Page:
Yesterday was the fourth anniversary of James’s death. Just when I think I’m upright and moving in the right direction, something happens to remind me he’s not here. He’s never coming back. Recently I went to my storage units in search of things to put on my office wall. While I found what I was looking for, I also found things that made me happy, nostalgic and things that made me sad.
One storage unit was full of uniform cardboard boxes that hold the contents of my life spent with James. Would you believe I’ve saved every rose James ever gave me? I have boxes and boxes, big cardboard boxes of dried roses, carefully packed in newspaper. Dried when they were perfectly formed. Beautiful buds still bound together, petal upon petal, like lovers’ hands, intertwined finger by finger.
JAMES GAVE ME ROSES FOR BIRTHDAYS, ANNIVERSARIES AND FOR NO OTHER REASON THAN BECAUSE HE LOVED ME.
I would lay them on paper bags on top of the refrigerator to dry. It seemed as though there were always roses there. Afterward, I put them in old wooden boxes, silver trays and crystal bowls. Containers of roses filled the living room, the dining room, and my dressing room, even an old Lalique bowl in a alcove beside the tub.
I didn’t open the cardboard boxes marked “Roses” because I feared they’d be too hard for me to see. Too hard to think about the candlelight dinner on the floor with the vase of roses beside us, and yet, I would have been better off opening that box because I already knew what was in it. It was the box marked “Fragile” that disarmed me, that made my heart beat out of rhythm and brought me to my knees.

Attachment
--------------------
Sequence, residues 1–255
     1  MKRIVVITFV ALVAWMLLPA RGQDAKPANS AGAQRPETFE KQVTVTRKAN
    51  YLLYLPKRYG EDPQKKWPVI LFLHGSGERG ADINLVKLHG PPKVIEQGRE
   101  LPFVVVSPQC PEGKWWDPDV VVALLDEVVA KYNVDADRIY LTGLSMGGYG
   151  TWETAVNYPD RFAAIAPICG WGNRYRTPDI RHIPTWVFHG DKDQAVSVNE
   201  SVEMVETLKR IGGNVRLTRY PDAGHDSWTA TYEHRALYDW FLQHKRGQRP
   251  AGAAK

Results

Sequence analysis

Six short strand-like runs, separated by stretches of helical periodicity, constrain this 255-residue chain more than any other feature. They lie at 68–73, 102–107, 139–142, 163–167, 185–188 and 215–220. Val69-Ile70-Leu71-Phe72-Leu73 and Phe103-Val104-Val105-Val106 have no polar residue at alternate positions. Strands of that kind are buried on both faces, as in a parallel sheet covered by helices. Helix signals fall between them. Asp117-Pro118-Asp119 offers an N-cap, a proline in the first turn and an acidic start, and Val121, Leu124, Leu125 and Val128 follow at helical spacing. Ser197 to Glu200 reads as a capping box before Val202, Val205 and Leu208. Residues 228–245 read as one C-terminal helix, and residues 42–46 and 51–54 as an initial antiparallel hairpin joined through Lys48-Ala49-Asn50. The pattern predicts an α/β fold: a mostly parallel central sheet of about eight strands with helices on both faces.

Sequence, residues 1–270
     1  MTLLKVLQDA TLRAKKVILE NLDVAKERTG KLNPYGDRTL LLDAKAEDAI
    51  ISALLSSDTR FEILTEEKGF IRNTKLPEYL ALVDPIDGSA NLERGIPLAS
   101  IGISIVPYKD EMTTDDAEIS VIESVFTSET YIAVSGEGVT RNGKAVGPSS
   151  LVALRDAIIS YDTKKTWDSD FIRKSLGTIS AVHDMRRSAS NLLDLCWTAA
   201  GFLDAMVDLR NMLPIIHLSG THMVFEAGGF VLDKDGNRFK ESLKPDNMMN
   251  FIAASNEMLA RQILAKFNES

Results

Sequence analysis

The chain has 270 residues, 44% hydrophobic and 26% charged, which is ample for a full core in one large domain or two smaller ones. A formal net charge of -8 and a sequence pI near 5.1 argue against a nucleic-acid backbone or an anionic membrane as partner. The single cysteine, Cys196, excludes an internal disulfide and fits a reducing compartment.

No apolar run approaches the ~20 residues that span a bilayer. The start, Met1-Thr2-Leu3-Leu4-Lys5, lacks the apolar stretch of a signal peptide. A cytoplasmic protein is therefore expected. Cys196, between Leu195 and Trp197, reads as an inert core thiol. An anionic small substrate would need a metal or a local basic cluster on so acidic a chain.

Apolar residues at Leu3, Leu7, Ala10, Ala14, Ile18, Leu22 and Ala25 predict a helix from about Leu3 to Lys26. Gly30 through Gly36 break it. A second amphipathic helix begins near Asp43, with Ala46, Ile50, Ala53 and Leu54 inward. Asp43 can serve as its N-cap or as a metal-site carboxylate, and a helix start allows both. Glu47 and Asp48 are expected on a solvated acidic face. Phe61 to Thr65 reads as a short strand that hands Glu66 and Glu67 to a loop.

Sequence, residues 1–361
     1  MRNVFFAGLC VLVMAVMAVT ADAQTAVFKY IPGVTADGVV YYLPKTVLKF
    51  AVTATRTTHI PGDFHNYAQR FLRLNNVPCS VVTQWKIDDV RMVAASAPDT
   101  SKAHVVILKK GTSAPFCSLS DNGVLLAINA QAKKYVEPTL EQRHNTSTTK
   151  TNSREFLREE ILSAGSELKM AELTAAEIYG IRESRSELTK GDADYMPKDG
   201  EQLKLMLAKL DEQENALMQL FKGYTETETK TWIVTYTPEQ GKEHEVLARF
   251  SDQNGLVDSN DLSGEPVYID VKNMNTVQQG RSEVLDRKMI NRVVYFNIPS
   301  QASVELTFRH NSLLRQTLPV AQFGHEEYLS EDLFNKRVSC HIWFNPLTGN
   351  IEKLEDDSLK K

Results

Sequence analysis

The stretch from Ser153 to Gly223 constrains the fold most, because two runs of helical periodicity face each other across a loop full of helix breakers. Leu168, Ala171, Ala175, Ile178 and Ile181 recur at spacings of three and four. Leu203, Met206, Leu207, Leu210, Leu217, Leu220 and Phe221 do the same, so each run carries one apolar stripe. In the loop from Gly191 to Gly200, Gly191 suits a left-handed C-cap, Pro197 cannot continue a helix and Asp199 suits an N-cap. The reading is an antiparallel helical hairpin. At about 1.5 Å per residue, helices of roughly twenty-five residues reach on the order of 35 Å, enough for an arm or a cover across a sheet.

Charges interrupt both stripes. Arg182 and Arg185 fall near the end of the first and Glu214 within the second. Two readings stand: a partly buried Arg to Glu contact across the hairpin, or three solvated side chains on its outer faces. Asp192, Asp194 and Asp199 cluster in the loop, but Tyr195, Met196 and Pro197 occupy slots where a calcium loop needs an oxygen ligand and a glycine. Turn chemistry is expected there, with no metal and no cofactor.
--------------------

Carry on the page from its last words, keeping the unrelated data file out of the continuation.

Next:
Unlike “Roses,” the contents of “Fragile” were unexpected. It was full of James in the most unexpected ways: the inlaid box he bought me in Italy and surprised me with when we got home; framed photographs of ski trips with family and friends. I even found the place cards from our wedding dinner: a card with “James” and another with “Brenda” written in elegant black script.
Grief and loss are universal. All of us have experienced pain; the pain we feel when we lose part of ourselves to illness, death, divorce and job loss. Do you remember your most painful moments? Have you contrasted them with your life now? Have you thought about putting your feelings down in a journal, a healing tool for your eyes only? Today I’ve put my feelings down in this blog because it helps me make sense of the myriad of emotions I’m feeling because of half-opened cardboard boxes.
Here a box, there a box, everywhere a box-box. James will always be in each and every one. I know he would want me to make today a good day. To do everything intentionally, with love and compassion and reverence for God. I want that for you as well, sweet friends.